WASHINGTON, D.C. — The U.S. Department of Labor’s Occupational Safety and Health Administration (OSHA) is seeking information on how to reduce workers to the exposure of crystalline silica.

OSHA is requesting information on additional engineering and work practice control methods to effectively limit exposure to silica for the equipment and tasks currently listed in the agency’s Respirable Crystalline Silica Standard for Construction.

The agency is also requesting information about other construction equipment and tasks that generate silica that it should consider adding to Table 1, along with information about their associated engineering and work practice control methods.

In addition, OSHA is seeking comments about whether to revise paragraph (a)(3) of the Respirable Crystalline Silica Standard for General Industry to broaden the circumstances under which general industry and maritime employers would be permitted to comply with Table 1 of the silica standard for construction.

According to OSHA, crystalline silica is a basic component of soil, sand, granite and other minerals, including quartz. It becomes inhalable particles when workers cut, chip, drill or grind objects that contain crystalline silica. When the dust enters the lungs, it causes the formation of scar tissue and reduces the lungs’ ability to take in oxygen. There is currently no cure for silicosis, which can be disabling or even fatal.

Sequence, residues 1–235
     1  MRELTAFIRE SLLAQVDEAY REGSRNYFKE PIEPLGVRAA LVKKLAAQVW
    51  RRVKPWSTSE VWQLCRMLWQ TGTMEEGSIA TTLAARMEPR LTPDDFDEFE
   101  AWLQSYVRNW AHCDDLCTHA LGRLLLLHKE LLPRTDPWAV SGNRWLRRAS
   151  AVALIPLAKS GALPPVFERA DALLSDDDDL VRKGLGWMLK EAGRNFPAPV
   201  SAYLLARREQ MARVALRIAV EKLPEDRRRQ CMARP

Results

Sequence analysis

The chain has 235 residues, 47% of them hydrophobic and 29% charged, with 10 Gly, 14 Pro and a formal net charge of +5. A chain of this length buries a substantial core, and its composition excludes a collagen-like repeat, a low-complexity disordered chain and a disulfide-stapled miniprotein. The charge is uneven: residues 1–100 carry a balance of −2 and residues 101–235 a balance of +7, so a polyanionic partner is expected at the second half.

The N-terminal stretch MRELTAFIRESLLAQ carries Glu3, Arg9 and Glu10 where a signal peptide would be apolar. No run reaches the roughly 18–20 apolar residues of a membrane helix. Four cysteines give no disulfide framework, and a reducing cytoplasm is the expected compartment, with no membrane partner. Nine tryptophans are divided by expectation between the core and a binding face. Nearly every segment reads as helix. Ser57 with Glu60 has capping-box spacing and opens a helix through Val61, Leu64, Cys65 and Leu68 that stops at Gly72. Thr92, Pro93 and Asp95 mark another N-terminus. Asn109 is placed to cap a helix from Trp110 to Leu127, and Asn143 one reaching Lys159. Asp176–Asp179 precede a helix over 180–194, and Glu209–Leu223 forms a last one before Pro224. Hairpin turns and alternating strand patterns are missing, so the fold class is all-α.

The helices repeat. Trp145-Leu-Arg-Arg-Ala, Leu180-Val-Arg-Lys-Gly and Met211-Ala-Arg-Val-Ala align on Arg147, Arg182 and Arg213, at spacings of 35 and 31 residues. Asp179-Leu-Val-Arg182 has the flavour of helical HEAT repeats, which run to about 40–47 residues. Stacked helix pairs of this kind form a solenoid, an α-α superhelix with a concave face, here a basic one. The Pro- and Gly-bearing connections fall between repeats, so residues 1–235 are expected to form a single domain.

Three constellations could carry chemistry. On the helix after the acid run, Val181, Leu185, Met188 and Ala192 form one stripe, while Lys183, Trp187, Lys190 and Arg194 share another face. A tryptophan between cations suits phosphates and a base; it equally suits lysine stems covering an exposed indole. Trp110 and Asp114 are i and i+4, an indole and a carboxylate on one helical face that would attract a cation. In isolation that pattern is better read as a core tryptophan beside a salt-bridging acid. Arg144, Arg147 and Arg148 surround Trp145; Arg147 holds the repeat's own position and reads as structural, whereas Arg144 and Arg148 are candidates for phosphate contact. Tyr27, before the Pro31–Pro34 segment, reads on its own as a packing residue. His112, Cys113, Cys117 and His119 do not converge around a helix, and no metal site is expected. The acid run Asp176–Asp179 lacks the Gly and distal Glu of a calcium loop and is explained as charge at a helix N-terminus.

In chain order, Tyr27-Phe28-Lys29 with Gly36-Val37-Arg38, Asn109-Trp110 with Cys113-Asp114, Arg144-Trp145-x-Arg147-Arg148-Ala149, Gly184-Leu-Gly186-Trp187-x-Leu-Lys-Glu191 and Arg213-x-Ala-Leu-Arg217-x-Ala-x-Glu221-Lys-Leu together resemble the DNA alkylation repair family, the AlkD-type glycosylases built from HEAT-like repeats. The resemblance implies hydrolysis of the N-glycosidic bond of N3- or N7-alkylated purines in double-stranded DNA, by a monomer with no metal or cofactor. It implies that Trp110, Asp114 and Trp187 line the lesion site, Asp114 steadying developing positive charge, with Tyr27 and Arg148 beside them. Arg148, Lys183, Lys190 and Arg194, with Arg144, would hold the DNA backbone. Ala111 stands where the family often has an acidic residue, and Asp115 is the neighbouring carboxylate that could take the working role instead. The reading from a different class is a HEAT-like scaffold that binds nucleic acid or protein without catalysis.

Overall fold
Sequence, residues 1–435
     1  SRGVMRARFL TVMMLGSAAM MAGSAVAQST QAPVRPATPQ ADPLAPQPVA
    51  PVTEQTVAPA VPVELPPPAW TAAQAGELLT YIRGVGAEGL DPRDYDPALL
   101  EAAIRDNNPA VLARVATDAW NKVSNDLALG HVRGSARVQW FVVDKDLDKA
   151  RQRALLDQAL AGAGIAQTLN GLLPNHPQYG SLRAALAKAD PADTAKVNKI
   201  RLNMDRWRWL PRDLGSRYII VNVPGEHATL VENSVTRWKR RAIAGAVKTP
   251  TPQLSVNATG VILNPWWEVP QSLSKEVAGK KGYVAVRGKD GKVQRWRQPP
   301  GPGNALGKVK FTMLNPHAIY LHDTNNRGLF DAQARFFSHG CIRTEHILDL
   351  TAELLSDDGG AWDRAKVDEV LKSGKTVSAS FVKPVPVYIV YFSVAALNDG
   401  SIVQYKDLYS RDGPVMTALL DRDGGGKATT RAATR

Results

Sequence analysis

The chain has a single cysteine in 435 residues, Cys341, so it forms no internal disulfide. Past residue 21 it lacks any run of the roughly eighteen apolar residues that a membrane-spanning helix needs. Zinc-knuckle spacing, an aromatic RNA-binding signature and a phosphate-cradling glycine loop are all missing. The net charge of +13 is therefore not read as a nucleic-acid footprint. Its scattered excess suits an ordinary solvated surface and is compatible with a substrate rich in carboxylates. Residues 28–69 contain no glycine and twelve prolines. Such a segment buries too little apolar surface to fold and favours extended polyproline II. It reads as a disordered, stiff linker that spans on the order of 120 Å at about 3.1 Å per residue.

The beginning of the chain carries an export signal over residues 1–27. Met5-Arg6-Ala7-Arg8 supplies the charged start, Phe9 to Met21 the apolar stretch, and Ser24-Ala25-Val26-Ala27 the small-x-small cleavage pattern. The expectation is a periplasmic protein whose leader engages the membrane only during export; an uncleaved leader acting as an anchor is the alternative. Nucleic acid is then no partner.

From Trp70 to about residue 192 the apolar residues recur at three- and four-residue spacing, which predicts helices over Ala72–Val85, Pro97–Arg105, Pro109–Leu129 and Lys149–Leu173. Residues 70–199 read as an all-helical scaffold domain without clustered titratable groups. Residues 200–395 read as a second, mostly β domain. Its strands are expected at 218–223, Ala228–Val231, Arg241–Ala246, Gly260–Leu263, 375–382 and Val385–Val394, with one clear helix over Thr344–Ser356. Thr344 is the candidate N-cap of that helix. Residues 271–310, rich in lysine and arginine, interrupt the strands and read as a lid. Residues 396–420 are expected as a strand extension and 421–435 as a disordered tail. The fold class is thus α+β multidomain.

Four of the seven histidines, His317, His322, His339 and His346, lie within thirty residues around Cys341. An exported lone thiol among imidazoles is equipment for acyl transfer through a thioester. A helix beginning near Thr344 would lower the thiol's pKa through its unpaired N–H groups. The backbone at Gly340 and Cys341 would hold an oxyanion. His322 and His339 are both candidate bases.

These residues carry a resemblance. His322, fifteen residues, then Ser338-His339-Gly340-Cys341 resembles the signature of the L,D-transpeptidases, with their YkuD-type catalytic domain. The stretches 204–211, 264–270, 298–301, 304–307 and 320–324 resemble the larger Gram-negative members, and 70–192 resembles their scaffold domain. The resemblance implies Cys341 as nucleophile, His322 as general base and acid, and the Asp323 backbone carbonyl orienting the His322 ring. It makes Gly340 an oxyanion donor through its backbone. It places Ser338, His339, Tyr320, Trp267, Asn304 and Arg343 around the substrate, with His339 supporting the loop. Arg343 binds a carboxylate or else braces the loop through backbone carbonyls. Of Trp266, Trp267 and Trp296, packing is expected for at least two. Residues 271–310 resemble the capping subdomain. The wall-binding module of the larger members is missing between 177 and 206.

Information submitted will allow OSHA to consider new developments and enhanced control methods for equipment that generates exposures to silica, and provide additional data on exposures to silica from equipment and tasks using a variety of control methods under different workplace conditions. Expanding Table 1 to include additional engineering and work practice control methods, equipment, and tasks could provide employers with more flexibility and reduce regulatory burdens while maintaining protections for employees.

If information submitted in response to this request indicates that revisions to the silica standards are needed, the agency will then publish the proposed revisions in the Federal Register for public comment.

Comments must be submitted by Oct. 14, 2019. Comments and materials may be submitted electronically at http://www.regulations.gov, the Federal e-Rulemaking Portal, or by facsimile or mail. See the Federal Register notice for submission details.